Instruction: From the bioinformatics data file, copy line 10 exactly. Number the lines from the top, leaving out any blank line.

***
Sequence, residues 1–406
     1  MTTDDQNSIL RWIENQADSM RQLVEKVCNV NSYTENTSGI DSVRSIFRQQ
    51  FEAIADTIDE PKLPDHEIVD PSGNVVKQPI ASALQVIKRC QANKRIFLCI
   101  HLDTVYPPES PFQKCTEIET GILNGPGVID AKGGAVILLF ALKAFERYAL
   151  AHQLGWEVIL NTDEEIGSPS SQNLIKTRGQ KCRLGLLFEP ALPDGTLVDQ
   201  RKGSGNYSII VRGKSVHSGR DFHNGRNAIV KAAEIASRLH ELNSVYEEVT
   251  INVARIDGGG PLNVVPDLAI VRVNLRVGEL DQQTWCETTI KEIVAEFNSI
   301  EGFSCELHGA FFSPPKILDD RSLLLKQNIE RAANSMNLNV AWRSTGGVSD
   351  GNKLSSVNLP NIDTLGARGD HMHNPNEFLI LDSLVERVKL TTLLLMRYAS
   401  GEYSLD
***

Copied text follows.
   401  GEYSLD